How to Root Wisteria From Cuttings

Root wisteria, also known as cormorant wisteria and creeping wisteria, is a vine that grows wild across much of the Midwest and Southeastern parts of the United States. It can be found in the southern part of Iowa, southwest Arkansas, western Illinois, southern Michigan, northern Wisconsin and southern Indiana. Most of the time it’s not too difficult to deal with, however some cases can be very tough to get rid of. You may find it in places you least expect, like around tree stumps and large rocks. If you’re wondering how to root wisteria from cuttings, here’s how:

When cutting down a plant for plant propagation purposes, always make sure you cut at least one side of the stem back, if only to allow for new shoots. Don’t cut all the way to the ground or you’ll end up with a dead plant. Take note though, that cutting too much off the stem will cause the underground stems to die and you’ll have an awful mess on your hands. So, what do you do if you find root blocks in your cuttings?

The best thing to do when dealing with roots is to just dig them out of the ground. However, in this case, you’re going to want to take care. You don’t want to break your roots, or worse, suffocate them by trying to shove them down into the soil. Determining how deep to dig the roots in is important. If you can just go to the edge of the soil and determine how deep you can go, then that would be fine.

Digging how to root wisteria from cuttings is often times hard for some people. Luckily, it doesn’t need to be. You can actually just look for a piece of tissue or paper that has a hole in it. Peel it back so that you can see the roots inside and just stick your hand in there. If you have access to a pot then this should work as well, but if not, then you’re stuck digging through the ground.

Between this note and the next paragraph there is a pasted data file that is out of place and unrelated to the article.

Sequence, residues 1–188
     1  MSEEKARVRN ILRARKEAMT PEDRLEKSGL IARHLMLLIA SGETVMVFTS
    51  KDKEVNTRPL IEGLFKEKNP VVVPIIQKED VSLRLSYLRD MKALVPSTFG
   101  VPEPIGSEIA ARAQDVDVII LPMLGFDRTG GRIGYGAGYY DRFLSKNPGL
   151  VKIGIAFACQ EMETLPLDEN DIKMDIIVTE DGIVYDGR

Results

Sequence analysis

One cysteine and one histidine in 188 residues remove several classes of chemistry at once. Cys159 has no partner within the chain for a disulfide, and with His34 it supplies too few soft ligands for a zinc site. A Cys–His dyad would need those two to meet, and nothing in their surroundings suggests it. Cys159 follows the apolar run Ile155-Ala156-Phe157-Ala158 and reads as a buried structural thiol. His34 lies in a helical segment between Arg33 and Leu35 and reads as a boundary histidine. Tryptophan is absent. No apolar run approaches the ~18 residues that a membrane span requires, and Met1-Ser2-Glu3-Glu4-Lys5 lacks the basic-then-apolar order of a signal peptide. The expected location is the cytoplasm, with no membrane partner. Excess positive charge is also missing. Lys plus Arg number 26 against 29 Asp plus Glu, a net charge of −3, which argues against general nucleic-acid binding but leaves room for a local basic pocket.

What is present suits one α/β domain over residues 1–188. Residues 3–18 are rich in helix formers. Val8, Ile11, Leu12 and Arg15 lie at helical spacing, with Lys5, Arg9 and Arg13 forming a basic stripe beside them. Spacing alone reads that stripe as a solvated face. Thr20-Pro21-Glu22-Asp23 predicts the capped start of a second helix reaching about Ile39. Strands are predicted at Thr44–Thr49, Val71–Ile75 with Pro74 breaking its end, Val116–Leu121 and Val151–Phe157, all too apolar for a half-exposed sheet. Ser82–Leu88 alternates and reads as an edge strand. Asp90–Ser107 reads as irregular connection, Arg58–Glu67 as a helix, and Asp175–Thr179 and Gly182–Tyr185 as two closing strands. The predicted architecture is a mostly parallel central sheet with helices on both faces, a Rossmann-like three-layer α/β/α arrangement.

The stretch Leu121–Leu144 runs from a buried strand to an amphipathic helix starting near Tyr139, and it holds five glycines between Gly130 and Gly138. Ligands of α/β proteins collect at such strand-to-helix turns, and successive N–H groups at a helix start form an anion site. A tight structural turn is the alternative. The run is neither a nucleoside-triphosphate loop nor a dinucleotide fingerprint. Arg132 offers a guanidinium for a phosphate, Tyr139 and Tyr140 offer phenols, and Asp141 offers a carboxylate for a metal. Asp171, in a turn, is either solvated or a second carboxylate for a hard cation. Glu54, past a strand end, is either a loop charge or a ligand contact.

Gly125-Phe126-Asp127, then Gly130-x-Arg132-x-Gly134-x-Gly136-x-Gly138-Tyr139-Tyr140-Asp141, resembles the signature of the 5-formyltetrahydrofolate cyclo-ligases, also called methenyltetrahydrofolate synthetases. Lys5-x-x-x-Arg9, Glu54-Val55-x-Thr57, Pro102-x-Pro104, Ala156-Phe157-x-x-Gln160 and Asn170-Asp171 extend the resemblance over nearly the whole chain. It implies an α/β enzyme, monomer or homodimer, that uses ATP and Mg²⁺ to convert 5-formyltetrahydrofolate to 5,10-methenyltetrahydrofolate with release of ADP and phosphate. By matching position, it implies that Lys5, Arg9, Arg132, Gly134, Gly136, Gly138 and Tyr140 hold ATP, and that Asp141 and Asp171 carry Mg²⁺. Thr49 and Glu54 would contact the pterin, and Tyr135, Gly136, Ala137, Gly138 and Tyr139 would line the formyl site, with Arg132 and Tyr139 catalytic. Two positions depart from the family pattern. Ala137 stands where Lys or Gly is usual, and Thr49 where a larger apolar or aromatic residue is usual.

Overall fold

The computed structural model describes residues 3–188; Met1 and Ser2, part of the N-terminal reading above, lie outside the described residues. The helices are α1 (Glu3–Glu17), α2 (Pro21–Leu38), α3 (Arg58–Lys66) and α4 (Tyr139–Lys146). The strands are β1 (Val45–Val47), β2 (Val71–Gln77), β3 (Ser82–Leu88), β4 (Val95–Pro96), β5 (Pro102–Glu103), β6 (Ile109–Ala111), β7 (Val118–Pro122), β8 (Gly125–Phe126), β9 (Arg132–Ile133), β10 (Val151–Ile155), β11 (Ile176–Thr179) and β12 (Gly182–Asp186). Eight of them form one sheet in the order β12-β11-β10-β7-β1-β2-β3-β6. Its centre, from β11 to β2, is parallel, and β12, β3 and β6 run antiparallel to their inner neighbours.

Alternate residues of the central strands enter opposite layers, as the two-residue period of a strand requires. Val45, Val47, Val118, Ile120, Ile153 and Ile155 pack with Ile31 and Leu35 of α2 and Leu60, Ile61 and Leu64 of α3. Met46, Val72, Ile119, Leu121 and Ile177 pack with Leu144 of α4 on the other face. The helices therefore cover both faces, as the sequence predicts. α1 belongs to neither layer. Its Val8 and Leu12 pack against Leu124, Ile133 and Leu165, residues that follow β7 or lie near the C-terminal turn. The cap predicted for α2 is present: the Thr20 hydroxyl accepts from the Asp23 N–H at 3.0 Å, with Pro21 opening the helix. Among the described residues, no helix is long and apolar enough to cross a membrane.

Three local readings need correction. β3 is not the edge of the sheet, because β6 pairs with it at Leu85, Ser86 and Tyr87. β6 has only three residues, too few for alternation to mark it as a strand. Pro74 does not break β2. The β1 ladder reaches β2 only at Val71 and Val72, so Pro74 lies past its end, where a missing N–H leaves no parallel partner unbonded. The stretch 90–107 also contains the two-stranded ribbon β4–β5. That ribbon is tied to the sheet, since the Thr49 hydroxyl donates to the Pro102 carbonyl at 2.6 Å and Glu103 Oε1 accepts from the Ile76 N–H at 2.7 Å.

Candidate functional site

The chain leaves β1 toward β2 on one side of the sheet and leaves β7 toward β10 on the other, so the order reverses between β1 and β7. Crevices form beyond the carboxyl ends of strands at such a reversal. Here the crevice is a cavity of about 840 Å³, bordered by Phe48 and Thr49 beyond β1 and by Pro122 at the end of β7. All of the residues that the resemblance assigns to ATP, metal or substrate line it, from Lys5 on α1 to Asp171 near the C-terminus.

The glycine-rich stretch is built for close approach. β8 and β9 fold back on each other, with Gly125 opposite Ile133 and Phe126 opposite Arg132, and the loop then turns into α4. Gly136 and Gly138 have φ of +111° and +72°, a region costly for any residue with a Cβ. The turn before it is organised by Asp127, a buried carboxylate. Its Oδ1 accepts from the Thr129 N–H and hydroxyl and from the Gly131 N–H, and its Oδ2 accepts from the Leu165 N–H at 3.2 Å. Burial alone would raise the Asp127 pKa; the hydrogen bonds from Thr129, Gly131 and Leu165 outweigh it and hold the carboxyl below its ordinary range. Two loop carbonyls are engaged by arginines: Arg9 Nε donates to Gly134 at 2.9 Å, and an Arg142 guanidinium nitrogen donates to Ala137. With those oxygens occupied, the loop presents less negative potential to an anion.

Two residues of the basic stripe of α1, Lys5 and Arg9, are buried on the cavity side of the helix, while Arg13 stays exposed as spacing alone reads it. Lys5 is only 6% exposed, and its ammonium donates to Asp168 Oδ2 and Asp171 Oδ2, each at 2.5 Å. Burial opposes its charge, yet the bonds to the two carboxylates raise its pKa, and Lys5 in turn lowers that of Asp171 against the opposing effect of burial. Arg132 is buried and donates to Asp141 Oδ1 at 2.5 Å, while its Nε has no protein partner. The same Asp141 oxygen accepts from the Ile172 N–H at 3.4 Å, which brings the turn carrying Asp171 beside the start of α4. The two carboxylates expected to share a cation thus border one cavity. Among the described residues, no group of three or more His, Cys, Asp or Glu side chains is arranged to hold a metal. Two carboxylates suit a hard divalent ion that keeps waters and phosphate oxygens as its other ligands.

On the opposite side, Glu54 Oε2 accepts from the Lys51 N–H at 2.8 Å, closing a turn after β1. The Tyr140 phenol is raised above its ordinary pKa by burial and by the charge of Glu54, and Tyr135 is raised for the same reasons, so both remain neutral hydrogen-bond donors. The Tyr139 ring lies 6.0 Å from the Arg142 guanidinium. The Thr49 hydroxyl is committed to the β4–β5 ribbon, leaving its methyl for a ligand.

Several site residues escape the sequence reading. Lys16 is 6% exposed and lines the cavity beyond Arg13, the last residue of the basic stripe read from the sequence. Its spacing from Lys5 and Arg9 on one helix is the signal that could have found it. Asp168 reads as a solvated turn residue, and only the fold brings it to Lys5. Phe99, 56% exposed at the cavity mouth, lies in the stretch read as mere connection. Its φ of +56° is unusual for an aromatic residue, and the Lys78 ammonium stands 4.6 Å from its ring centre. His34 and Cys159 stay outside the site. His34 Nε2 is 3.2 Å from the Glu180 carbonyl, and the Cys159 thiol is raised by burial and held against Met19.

Once you’ve gotten the roots out of the soil, then it’s time to take them back to the plant. You’re going to need a pot that’s wide enough for the roots to spread out some more. Once you’ve gotten them to this point, then you’re going to want to put the pot in the sun and just keep it there. This should help get the roots to actually take root into the soil.

After a few days, just remove the pot and dig a hole underneath it. The cuttings will go in with the roots, and you won’t have to worry about them sticking out and rotting in the soil any longer. Just remove them and put them in the hole.

You can also use this same method when learning how to root wisteria from cuttings. Just take a new cutting of wisteria and stick it in the ground, just like you did when learning how to root guava. Then just add water so that the roots can grow into the soil. Just remember that you should only put about one inch worth of soil at a time into the hole, because as the plant grows it can easily over-seed and you’ll end up with more than you wanted.

Once you get the cuttings to this point, just let them go for a year or two. During this time they will completely settle out, and then you can dig them up and plant the new cuttings. The fact that you’re learning how to root wisteria from cuttings is actually a good thing. You should know that because the plant needs to develop roots to get food, it will probably take at least a year or two before the fully developed roots are visible. You might have to do some trimming and repotting during this time, but the process should be fairly easy.

Leave a Comment